“Wiegand is commonly used as a universal communication language of sorts. Although Weigand readers that take Wiegand cards are available, other types of readers that operate using different card or token technologies also use it to send data back to an access controller,” says Markowitz. “But there’s an encrypted data communications standard, created by SIA, designed to make it next to impossible to hack the system.”
It’s called Open Supervised Device Protocol (OSDP).
According to WaveLynx Technologies Corp. of Broomfield, CO, SIA’s OSDP V2.1.7 is more secure than the most common access control protocols, thus improving interoperability among access control and security products. “OSDP Secure Channel also supports high-end AES-128 encryption, which is required in most government applications. WaveLynx takes a consultative approach when designing transition plans and solutions that seek to future-proof end-user security infrastructures for the next 15 years,” says Laurie Aaron, executive vice president with WaveLynx.
“SIA OSDP has long been a security-minded solution, and now WaveLynx’s pioneering new product unlocks the potential of OSDP 2.1.7 with features designed for ease of management. We are excited to continue working with SIA members like WaveLynx in the SIA OSDP Working Group to deliver added value to the security industry,” says Joe Gittens, Director, SIA Standards.
Credentials and Readers
Probably the most popular access point among access control stakeholders is that of the proximity (prox) reader. They are referred to as prox readers because a credential only needs to be within a given distance from the reader. Under this heading is an assortment of reader and credential technologies to choose from.
Before proceeding with prox, let’s talk about older, traditional contact-type magnetic-stripe cards and readers. This combination was once the predominant method of user authentication in use at the door. This means of establishing user identification has since fallen out of favor with both banking and physical security professionals. This is primarily because the magnetic stripe, which is where a card’s identification data is placed, can easily be read and duplicated by the bad guys.
One of the more popular credentials in use with the prox access reader is that or 125 kHz cards and keyfobs. These are passive devices–in that they do not have a power source of their own. Instead, they are essentially powered by a 125 kHz static field emitted by the reader. The more powerful the electric field, the greater the allowable distance between a reader and a card or keyfob.
“We exclusively use 13.56 MHz credentials with our solutions as they leverage ‘data-on-card’ to facilitate our Salto Virtual Network (SVN),” says Bill Wood, President – North America with SALTO Systems “We recommend MIFARE® (DESFire EV2, Plus, Ultralight C, Classic – ISO/IEC 14443), HID iCLASS® and SEOS® along with Bluetooth SMART (BLE), and NFC for the highest level of available security.”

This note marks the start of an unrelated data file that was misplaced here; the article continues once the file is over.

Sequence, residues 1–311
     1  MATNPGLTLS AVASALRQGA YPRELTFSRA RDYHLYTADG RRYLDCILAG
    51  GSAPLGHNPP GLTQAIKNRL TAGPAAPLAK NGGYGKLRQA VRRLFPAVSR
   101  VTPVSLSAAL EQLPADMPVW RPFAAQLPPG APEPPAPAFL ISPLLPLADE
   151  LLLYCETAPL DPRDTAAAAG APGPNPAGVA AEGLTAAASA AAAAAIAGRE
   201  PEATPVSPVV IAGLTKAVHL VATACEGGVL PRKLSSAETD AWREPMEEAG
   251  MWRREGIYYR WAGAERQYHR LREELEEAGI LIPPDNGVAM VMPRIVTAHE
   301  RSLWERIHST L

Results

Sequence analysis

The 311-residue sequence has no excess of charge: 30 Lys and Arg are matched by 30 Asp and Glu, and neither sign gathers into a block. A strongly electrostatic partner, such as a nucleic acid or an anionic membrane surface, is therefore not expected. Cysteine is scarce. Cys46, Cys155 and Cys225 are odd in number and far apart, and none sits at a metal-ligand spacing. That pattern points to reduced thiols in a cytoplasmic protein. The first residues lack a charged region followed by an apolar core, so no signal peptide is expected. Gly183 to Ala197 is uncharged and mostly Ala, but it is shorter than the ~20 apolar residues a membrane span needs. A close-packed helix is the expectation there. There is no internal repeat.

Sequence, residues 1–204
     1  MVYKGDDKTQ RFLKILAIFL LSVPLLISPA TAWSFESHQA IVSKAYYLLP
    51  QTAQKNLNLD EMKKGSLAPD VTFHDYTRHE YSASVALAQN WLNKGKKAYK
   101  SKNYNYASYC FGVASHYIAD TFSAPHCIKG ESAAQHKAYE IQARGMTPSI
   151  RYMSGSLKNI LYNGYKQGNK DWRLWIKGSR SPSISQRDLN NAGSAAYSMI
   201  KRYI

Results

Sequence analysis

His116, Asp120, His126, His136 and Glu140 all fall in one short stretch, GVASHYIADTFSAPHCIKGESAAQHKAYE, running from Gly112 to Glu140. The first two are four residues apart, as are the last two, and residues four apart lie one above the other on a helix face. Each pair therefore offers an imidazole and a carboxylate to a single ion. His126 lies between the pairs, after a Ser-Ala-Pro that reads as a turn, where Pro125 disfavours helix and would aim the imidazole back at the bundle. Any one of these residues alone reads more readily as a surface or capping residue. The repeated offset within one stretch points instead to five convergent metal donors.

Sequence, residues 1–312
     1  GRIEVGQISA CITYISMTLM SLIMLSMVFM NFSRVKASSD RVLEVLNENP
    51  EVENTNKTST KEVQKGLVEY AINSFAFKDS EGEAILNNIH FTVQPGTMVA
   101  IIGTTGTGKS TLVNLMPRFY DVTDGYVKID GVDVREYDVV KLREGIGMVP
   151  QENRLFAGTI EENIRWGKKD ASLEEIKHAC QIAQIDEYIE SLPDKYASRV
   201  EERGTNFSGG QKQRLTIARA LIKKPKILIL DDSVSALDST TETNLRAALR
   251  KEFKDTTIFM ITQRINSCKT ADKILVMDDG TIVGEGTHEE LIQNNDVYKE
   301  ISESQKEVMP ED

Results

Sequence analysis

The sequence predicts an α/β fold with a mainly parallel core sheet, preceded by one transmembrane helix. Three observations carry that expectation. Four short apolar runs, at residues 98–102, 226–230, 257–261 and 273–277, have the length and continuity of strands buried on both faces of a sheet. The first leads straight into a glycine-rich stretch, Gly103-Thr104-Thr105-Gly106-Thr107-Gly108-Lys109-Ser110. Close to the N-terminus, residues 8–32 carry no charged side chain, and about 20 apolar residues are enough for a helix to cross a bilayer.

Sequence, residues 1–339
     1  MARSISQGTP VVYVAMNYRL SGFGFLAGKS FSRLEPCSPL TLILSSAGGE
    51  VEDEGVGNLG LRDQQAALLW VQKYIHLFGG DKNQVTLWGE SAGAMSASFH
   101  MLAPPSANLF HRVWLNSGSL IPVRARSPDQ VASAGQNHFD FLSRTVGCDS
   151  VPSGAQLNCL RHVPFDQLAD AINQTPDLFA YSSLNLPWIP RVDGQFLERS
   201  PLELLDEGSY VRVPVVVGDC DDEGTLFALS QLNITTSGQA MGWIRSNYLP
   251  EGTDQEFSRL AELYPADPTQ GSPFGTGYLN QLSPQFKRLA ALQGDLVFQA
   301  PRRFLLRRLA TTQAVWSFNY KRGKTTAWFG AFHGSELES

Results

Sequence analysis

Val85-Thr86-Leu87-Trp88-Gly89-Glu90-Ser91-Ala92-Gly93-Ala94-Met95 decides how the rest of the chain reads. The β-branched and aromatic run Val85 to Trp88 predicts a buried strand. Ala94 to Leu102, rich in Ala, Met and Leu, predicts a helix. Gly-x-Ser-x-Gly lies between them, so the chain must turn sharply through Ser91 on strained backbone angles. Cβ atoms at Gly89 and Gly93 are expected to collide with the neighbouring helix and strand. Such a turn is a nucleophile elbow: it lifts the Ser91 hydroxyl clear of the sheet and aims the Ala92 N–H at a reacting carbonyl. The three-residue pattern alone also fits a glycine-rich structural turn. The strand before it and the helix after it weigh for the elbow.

According to HID, “…iCLASS® 13.56 MHz read/write contactless smart card technology can be used for diverse applications such as access control, biometrics, cashless vending, public transportation, airline ticketing and customer loyalty programs. Multiple, securely separated files enable numerous applications and support future growth.”
Regarding keyfobs, they come in a variety of sizes and shapes. One type commonly takes the form of a small button that can be attached to a key ring or they are worn around the neck. Some manufacturers also make a small prox sticker that can be placed on the back of an ID badge. Like the button, or keyfob, it is activated by an electric field that surrounds the reader, which in turn prompts it to transmit a unique ID code. Proximity credentials also are made using the Wiegand data protocol.
Some access control manufacturers also make active credentials that can be semi-permanently placed inside a motor vehicle. This is ideal for parking lot and parkaid applications where there’s a motorized- or hydraulically-operated gate. Handheld models also are available that has a button for the user to press.
Last but not least, the common, ordinary cell phone can be used with a special App that integrates with the access control system in a building. According to Mike Sherman, managing partner with Connected Technologies LLC of Monument, CO, “A ScanPass Mobile Credential uses a barcode sticker affixed at the entrance location, to identify the door to be opened, so users with a smartphone, tablet, iPad or any device with a camera or WiFi or cellular connectivity can gain entry. Not only does it represent additional recurring monthly revenue for the dealer, but it provides installation and maintenance efficiencies, as it requires no software to install or maintain while eliminating access control cards/fobs and the installation of readers and door controllers.”
It’s important that we, as security professionals, move ahead with the most advanced tools of the trade because if we fail to do so, we’ll be left behind as our competition takes full advantage of the high-tech security tools that are out there.